Victims and survivors urged to contact review panel
“I contacted the panel and got a response really quickly. It was such a relief to feel that someone was listening and taking my enquiry seriously.”
Victims and survivors of child sexual abuse are being urged to contact a scheme which helps to achieve the justice they deserve during a month-long campaign which launches today, Monday 18 September and concludes on Friday 13 October.
The Child Sexual Abuse Review Panel (CSARP), which is a joint enterprise between the National Police Chiefs’ Council (NPCC) and Crown Prosecution Service (CPS), looks again at cases where a victim or survivor feel the decision to take no further action (NFA) in an investigation was unjust and would like the result to be reconsidered.
The panel consider reported allegations of child sexual offences before 5 June 2013 and look at whether the approach taken by the police or CPS was wrong. They then advise whether the allegations should be reinvestigated and/ or reviewed.
To do this, they look at information requested of and provided by the relevant police force or CPS area, to decide whether to advise that the original decision was correct or if further action should be taken.
If the decision is made to reinvestigate or review the case, it will be referred back to the police force or CPS area from where the case originated for them to decide on the action to be taken.
If the panel agrees with the original decision to take no further action, the victim or survivor is informed by letter with specialist help and support provided or signposted. There is no appeal point beyond the panel.
Ian Critchley, National Police Chiefs’ Council – Lead for Child Protection and Abuse Investigation said:
“If you are a victim of non-recent child sexual abuse who is unhappy with the decision made previously made by police or the Crown Prosecution Service, I urge you to contact the Child Sexual Abuse Review Panel.
“You will be treated with empathy and respect and listened too in a place you feel safe. We know only too well the lifelong harm abuse has on a child, and it’s important you feel confident that you will be supported, heard and believed.
“Investigating non-recent child sexual abuse is one of the most complex and challenging areas of policing. The approach today to tackling child sexual abuse has evolved and is much improved in many aspects. However, there is still much for us to do, and making these improvements is a significant priority for national policing.
“We remain dedicated to our relentless pursuit of offenders and work determinedly to bring them to justice as we tackle this most abhorrent abuse. Every child has the right to thrive in our society, protected from harm and supported by the institutions trusted with their care.”
Nicola Haywood, Deputy Chief Crown Prosecutor and CPS Child Sex Abuse lead, said:
“Words can never fully describe the lifelong trauma of child sex abuse. Victims deserve the best possible chance to get justice for the actions of their abusers.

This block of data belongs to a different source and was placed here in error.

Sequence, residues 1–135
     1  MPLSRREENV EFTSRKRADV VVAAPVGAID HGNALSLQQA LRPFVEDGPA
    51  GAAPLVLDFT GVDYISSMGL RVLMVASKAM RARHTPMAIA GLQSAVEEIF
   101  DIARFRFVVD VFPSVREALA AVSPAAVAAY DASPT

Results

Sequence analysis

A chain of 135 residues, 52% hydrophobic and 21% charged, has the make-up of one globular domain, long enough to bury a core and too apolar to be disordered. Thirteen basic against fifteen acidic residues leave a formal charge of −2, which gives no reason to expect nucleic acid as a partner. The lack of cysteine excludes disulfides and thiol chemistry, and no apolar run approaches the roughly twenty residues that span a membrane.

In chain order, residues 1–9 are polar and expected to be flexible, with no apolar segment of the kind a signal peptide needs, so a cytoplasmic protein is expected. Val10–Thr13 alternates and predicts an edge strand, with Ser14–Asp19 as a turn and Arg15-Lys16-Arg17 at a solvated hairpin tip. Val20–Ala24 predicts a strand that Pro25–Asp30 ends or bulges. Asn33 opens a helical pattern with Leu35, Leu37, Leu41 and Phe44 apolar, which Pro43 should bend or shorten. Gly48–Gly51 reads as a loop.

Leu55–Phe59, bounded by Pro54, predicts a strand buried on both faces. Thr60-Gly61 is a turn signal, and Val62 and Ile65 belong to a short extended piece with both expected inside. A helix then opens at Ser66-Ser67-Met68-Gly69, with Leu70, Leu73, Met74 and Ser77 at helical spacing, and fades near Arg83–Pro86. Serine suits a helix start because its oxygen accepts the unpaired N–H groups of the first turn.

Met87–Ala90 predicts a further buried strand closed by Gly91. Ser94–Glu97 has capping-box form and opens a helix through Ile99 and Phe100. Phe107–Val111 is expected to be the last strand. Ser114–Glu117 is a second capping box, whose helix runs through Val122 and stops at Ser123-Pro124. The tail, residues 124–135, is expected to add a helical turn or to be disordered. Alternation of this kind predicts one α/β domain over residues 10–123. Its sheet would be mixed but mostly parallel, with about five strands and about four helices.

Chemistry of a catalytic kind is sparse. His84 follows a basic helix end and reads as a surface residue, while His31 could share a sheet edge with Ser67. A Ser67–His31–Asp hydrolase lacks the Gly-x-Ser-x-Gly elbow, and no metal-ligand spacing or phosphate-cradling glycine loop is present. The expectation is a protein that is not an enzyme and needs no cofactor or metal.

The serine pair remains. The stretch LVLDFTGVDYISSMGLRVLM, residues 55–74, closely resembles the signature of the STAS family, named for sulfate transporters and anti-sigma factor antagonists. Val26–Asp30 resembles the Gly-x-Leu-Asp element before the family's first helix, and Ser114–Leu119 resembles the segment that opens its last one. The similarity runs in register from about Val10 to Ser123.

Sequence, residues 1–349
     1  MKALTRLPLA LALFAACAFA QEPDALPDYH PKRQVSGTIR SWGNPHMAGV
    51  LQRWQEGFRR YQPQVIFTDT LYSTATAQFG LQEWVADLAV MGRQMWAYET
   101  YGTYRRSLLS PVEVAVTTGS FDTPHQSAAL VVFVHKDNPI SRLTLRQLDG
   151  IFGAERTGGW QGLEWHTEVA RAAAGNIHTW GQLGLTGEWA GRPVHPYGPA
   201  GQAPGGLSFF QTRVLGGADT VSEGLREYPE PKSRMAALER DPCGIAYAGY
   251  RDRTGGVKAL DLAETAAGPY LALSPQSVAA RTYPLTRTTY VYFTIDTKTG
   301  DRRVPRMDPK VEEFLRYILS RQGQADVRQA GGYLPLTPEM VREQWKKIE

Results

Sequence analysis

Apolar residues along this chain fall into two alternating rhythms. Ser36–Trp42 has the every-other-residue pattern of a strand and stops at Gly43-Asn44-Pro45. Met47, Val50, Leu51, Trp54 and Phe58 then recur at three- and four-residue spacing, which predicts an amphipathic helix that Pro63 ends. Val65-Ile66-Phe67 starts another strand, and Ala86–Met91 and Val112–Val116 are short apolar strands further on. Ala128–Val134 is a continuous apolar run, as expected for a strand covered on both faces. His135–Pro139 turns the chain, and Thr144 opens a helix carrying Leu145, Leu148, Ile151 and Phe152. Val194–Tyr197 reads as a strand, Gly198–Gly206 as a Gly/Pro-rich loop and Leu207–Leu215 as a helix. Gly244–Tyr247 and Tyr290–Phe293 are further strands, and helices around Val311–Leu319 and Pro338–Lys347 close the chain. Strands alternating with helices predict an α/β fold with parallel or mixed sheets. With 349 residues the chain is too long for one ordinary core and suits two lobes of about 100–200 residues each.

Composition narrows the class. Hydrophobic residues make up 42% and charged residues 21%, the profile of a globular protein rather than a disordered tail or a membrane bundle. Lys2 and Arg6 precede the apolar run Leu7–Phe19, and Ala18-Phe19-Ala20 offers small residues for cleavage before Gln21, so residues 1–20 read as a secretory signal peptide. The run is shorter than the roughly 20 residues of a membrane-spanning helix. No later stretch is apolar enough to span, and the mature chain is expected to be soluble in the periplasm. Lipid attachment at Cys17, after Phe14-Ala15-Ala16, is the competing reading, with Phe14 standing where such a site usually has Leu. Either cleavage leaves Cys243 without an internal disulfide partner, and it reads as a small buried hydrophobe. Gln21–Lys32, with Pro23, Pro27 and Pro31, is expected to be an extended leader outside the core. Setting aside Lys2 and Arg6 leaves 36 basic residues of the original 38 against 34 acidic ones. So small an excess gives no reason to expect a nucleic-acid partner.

“Unfortunately, in some cases there is insufficient evidence to provide a realistic prospect of conviction, but the panel has demonstrated our collective determination with police and others to look once again at whether there are new avenues for investigation and prosecution.
“In the past 10 years, since the panel was established, we have reviewed more than 200 cases. If you are an abuse victim who has been unhappy your case never reached a court, please get in touch with the Child Sexual Abuse Review Panel, to have your case re-considered by our panel of experts.”
The CSARP was set up in June 2013 to look again at cases that were not covered by the Victims’ Right to Review (VRR) scheme. VRR was introduced to make it easier for victims to seek a review of a CPS decision not to bring charges or to terminate all proceedings; however, the VRR only applies to decisions made on or after 5 June 2013.
CSARP consists of a Chief Crown Prosecutor, a chief police officer, a specialist prosecutor, an experienced child abuse police investigator, and an appropriate independent representative who meet quarterly to consider whether the approach taken by the police or CPS was wrong and advises whether the allegations should be reinvestigated by the police, or the prosecution decision reviewed by the CPS.
Cases will be considered if:
The report is about an alleged sexual offence against the victim or survivor.
The victim or survivor is referring to a report previously made to the police about the sexual offence.
A decision to take no further action was taken by the police or by the CPS.
The alleged sexual offences was committed when the victim or survivor was under 18 years of age.
The alleged offender may still pose a risk.
The alleged offence was committed in England and Wales.
The case was investigated and marked no further action by police or CPS before 5 June 2013.
It is important to note that even if the victim or survivor has previously asked the police or the CPS to look at the decision they made, their case will still be considered.
Cases will not be considered if:
The victim or survivor hasn’t previously reported the matter to the police as this will therefore be a new complaint that the police will need to investigate.
New evidence has come to light prompting a fresh investigation by the police.
The case was investigated and marked no further action by police or CPS after 5 June 2013.